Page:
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Q. What Are the Differences Between Dolby Digital, Dolby TrueHD, DTS and DTS-HD?
March 13, 2008 | by Bryant Moore
Bryant Moore of Moore Audio Designs breaks down these competing multi-channel audio formats.
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Posted by Locke6854  on  03/13  at  08:50 AM

If you don’t have an HDMI 1.3 receiver capable of truehd or dts master, AND you don’t have analogue inputs on your receiver, there is still hope.

The PS3, for example, doesn’t have analogue outputs, and can only pass high bitrate audio through HDMI.

If your receiver is HDMI 1.1, you might be in luck.  The PS3 (keeping with the example) can send dolby trueHD via PCM multichannel.  Also, it will send the raw 5.1 PCM uncompressed audio as is.

The problem is that not all HDMI capable receivers support these new audio formats.  Many Pioneer HDMI receivers only support HDMI passthrough, or video switching.

I suggest doing research before buying a new receiver.  Last generation’s Onkyo 604 is an example of an HDMI capable receiver that can handle multichannel PCM, but NOT internally decode TrueHD or DTS Master.  If you pair the PS3 with this receiver, your player will uncompress TrueHD and pass it along as uncompressed PCM.

Also make sure to add that if you’re using Optical cable for audio, you won’t be taking advantage of multichannel lossless sound, but instead you’ll get either
1) a lossy downconversion
2) 2 channel lossless PCM
3) silence

I’m surprised how many people are using optical cable and believe they’re listening to HD 5.1   But if it sounds good to you, and you have no alternative, I suppose that’ll do.

Posted by Tom  on  03/14  at  11:01 AM

DTS has always sounded better on every dvd than the dobly digital version on standard def dvd’s.

Not sure what you are talking about when saying:

“In theory this should make the soundtrack on a DTS-encoded DVD sound better than an equivalent Dolby Digital soundtrack, but in practice, this is not always the case. ”

Posted by Joe T.  on  03/14  at  02:52 PM

To add a bit more confusion into the mix, some of the 7.1 HDMI 1.3 receivers don’t have the processing horsepower to overlay PLIIx over the new 5.1 audio formats, whether decoded in the player or the receiver. 

For example, the Onkyo 605 HDMI 1.3 receiver can decode Dolby TrueHD and DD+, as well as handle multi-channel PCM via HDMI, but it can’t matrix the back surround channels out of 5.1 to make it 6 or 7.1.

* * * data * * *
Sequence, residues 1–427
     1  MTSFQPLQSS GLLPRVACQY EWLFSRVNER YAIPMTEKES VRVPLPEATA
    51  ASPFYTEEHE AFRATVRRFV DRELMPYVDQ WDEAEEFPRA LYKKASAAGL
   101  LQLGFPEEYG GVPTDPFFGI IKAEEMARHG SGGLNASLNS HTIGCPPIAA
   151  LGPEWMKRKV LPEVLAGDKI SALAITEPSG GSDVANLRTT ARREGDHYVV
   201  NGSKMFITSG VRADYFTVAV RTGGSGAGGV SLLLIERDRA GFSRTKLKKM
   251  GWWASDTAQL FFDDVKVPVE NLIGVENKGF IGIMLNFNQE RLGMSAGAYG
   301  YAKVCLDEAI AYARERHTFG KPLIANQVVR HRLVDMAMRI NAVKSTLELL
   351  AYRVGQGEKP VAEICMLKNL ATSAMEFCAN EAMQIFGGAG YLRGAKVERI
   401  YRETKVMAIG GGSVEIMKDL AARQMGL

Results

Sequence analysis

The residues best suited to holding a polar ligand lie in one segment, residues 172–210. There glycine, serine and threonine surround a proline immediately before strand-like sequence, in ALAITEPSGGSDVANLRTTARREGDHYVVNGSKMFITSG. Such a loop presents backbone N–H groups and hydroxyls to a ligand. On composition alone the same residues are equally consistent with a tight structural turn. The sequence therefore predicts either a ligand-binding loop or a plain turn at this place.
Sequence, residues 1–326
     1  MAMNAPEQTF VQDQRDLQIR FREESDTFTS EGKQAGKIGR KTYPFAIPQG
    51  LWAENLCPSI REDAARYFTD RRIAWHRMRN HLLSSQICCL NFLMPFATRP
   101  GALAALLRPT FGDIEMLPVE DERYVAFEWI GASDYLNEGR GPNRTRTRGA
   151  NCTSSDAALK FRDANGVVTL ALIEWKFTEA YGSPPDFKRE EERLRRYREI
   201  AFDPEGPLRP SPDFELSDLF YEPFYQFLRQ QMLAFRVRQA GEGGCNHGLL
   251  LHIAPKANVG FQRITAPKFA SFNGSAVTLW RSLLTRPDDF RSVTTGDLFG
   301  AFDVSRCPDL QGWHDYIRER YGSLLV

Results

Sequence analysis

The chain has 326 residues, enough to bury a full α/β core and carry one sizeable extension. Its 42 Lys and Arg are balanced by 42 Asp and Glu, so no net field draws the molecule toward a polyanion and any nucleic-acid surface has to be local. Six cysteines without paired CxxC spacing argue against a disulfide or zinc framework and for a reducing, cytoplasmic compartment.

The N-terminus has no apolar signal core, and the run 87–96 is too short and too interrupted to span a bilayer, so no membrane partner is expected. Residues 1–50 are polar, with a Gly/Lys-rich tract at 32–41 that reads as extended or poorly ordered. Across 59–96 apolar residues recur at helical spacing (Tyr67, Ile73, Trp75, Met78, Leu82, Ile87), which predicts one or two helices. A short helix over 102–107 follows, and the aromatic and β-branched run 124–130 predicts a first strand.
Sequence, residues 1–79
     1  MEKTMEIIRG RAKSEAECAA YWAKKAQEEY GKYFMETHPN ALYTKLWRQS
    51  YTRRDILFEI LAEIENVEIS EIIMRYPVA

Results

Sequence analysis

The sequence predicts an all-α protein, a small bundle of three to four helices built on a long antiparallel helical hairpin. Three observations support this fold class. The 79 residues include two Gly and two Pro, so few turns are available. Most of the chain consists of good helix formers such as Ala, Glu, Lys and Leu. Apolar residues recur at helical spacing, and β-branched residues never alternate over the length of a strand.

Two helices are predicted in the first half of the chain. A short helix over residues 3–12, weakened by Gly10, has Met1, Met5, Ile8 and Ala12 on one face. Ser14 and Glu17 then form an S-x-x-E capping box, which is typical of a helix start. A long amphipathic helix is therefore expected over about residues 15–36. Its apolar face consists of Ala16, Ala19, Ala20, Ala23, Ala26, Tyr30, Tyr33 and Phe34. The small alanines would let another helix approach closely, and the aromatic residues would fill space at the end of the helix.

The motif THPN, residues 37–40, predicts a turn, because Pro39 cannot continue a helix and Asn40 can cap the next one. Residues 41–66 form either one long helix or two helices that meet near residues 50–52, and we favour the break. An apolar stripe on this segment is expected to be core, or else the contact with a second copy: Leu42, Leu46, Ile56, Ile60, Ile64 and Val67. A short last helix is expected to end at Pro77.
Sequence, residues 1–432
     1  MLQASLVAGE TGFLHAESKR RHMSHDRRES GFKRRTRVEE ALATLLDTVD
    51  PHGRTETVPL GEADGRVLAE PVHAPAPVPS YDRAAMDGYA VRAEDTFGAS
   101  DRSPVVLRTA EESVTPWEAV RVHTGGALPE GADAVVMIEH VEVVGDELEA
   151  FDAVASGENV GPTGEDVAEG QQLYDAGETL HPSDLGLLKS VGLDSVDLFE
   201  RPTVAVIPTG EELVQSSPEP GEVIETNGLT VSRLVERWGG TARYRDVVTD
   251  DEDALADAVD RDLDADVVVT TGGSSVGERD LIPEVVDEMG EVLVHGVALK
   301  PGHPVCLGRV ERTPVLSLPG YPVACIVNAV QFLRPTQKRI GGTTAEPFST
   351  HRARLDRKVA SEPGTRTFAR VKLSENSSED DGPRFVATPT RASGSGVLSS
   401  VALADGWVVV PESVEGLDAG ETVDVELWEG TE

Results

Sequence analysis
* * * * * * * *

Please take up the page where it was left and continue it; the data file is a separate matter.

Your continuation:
Posted by Stephen Neal  on  03/15  at  09:04 AM

Also - don’t you have to be careful to distinguish between DTS-HD High Resolution (which is NOT lossless, and is kind of the equivalent of Dolby Digital Plus) and DTS-HD Master Audio (which IS lossless and is the equivalent of Dolby TrueHD)?

DTS-HD could be a bit misleading - as I believe it describes both the lossy HR and lossless MA variants?

Posted by Don  on  03/17  at  11:27 AM


In terms of cable connections, what other options do I have to connect audio…

Posted by Joe T.  on  03/17  at  11:40 AM

If you want to use the newer codecs, you’ll need a receiver that can use the audio from HDMI (e.g., not just an HDMI switcher), -or- have multi-channel analog ins, combined with a source that decodes internally and has multi-channel analog outs.

Posted by Locke6854  on  03/17  at  11:48 AM

For the high-bitrate/lossless audio?  As Bryant said, not many:  HDMI or seperate analogue RCA cables.

My point was that you didn’t necessarily have to upgrade your receiver if it is HDMI 1.1 audio capable, and also that SPDIF (optical and digital coax) won’t work.

HDMI 1.0 passthru receivers would require analogue cables for these new formats.

Posted by Bryant  on  03/17  at  05:59 PM

I am assuming that when you ask “what other [cable] options do I have…” that you mean other than an HDMI connection. If this is so, then, as Locke6854 has mentioned, you can obtain multi-channel audio from a blu-ray player if these two conditions exist:
1. Your blu-ray player has separate (analog) outputs for each channel (LF, C, RF, SL, SR, SW, SBL, SBR) and,
2. Your receiver has the same inputs. These will probably be labeled “Ext. In., 5.1 or 7.1 Inputs)” or something similar. You connect individual RCA cables from each output of the blu-ray player to each corresponding input on the receiver. Remember SACD and DVD-Audio? This is how we had to connect those formats.
You can also get Dolby Digital Plus and Dolby TrueHD through a coaxial or fiber optic digital audio cable. You most likely are already using this connection for Dolby and DTS Digital.

Posted by Don  on  03/17  at  07:52 PM

Bryant, Locke6854, and Joe T.  Thank you all. I appreciate all of your input.  This is very good information to know.

Thanks again.

Posted by taurean dennis  on  03/30  at  01:27 PM

you can buy a integra 9.8 preamp to get the latest formats as well. You dont need to buy a new receiver.

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